Surprisingly for an old city, Paris has very few mediaeval houses and when someone asked me recently where the oldest house was, I had absolutely no idea even though I later learnt that I had actually been inside!
For very many years, it was thought that the house at n°3 rue Volta in the 3ème arrondissement was the oldest in the capital. All the history manuals showed it to be the oldest and it was depicted in thousands of postcards. It wasn’t until 1979 that an historian finally proved that it was a copy built in 1644 by a Parisian bourgeois. That must have been a rude shock, particularly as the historian was a woman!
I trekked off to have a look and found myself in a mini Chinatown. The half-timbered house with its stone pillars is now home to a Vietnamese restaurant called Taing Song-Heng where the same family has been serving two dishes, Pho and Bo Bun for twenty years.
I had also been told that there were two other mediaeval houses at n° 11-13 rue François Miron in the 4ème arrondissement. This is not an area I know well, and I found all sorts of intriguing things on the way such as this bike doubling as a menu holder. A young man was leaning against a car smoking, dressed in chef’s attire. “It’s a very old bike”, he said. “And a very unusual way of presenting a menu,” I replied. “I saw the idea in Malta. You won’t copy it, will you?”
I eventually reached N° 11 which used to have a sign with a reaper while n°13 had a sheep. The oldest records show their existence at the beginning of the 16th century but they might have already been there in the 14th century. In 1508, a royal decree prohibited jettied upper floors because of the risk of collapse. As a result, the gable was removed from n° 13 in the 17th century. It was rebuilt in 1967 when the two houses were being restored. In 1607, an edict ordered the timbering on this type of houses to be covered with plaster to prevent fire. Original drawings were used to guide restoration.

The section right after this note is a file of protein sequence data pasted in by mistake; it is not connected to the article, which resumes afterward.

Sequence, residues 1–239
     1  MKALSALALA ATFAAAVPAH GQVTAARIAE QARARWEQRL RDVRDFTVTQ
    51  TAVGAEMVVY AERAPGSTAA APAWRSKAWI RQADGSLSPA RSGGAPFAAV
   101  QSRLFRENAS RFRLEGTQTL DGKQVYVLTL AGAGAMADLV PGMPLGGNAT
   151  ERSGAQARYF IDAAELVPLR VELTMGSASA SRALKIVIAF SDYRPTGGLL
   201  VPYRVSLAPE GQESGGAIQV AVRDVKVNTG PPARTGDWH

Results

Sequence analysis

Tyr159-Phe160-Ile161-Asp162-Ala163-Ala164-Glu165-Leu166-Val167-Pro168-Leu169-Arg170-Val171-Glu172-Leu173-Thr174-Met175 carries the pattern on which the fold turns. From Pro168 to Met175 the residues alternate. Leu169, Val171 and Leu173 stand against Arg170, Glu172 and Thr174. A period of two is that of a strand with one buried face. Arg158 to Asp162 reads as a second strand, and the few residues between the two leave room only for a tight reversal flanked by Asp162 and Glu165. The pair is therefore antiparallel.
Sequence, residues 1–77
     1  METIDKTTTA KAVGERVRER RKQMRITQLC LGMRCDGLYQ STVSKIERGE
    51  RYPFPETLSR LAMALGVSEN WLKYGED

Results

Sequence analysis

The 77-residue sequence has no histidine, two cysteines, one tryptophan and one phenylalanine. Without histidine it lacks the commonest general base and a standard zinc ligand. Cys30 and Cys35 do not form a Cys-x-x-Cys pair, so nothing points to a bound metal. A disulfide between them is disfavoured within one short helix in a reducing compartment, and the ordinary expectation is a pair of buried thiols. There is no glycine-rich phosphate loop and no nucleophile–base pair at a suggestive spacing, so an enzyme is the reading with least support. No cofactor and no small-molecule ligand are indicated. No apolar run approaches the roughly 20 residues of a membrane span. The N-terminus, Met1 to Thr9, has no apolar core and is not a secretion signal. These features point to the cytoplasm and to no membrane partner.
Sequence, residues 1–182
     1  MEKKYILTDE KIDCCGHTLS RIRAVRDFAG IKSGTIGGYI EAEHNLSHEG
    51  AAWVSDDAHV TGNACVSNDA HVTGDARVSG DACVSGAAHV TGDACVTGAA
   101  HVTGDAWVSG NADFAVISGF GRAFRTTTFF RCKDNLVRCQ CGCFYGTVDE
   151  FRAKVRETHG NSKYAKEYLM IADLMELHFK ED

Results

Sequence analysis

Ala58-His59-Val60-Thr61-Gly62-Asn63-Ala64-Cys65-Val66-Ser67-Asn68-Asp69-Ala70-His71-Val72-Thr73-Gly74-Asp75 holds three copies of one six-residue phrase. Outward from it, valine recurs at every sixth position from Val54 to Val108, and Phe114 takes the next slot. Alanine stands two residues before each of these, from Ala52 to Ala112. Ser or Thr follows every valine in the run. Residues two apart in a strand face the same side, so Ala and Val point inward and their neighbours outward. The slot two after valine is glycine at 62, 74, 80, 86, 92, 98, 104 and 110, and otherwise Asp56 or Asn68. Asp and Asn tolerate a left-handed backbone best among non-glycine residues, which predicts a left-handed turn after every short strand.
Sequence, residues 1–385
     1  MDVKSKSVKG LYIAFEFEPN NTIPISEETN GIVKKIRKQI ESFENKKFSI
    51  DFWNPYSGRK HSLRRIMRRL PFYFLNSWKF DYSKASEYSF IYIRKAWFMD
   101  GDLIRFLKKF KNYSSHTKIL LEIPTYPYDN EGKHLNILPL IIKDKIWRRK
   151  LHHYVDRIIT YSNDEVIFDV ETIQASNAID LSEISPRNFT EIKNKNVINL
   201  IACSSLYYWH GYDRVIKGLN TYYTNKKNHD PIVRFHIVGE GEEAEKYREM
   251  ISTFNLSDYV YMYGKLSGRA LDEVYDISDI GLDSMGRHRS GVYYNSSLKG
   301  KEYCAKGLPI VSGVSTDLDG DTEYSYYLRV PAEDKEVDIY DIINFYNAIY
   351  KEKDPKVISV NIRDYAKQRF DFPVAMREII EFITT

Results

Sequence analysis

My last visit was to n°51 rue de Montmorency, back in the 3ème arrondissement, to Nicolas Flamel’s house. As soon as I saw it, I remembered a Gargantuan meal there with French friends a few years ago. I suggested we have the food and wine pairing. It was excellent but I definitely wouldn’t recommend our choice. We still talk about it!
So, the oldest house in Paris only dates back to 1407. No half-timbering here. The façade is entirely made of stone, all straight lines and no curves. It was built by Nicolas Flamel, a scrivener and manuscript seller. The money he earnt from renting out the ground floor shops was used to house labourers and vegetable gardeners from the surrounding area.
The inscription on the wall says, “We, working men and women living beneath the porch of this house, built in 1407, must each say an Our Father and an Ave Maria every day, to ask the grace of God to forgive poor sinners their trespasses. Amen.”L’Auberge Nicolas Flamel, 51 Rue de Montmorency, 75003 Paris, 01 42 71 77 78 L’Atelier d’Alexandre, 26 rue de Beaubourg, 75003 Paris, 01 40 27 08 31 Taing Song-Heng, 3 rue Volta, 3 Rue Volta 75003 Paris, 01 42 78 31 70 If you enjoyed reading this, don’t forget to subscribe to new posts – that way you’ll get them directly on your smart phone or in your mail box! And I love to hear your comments!
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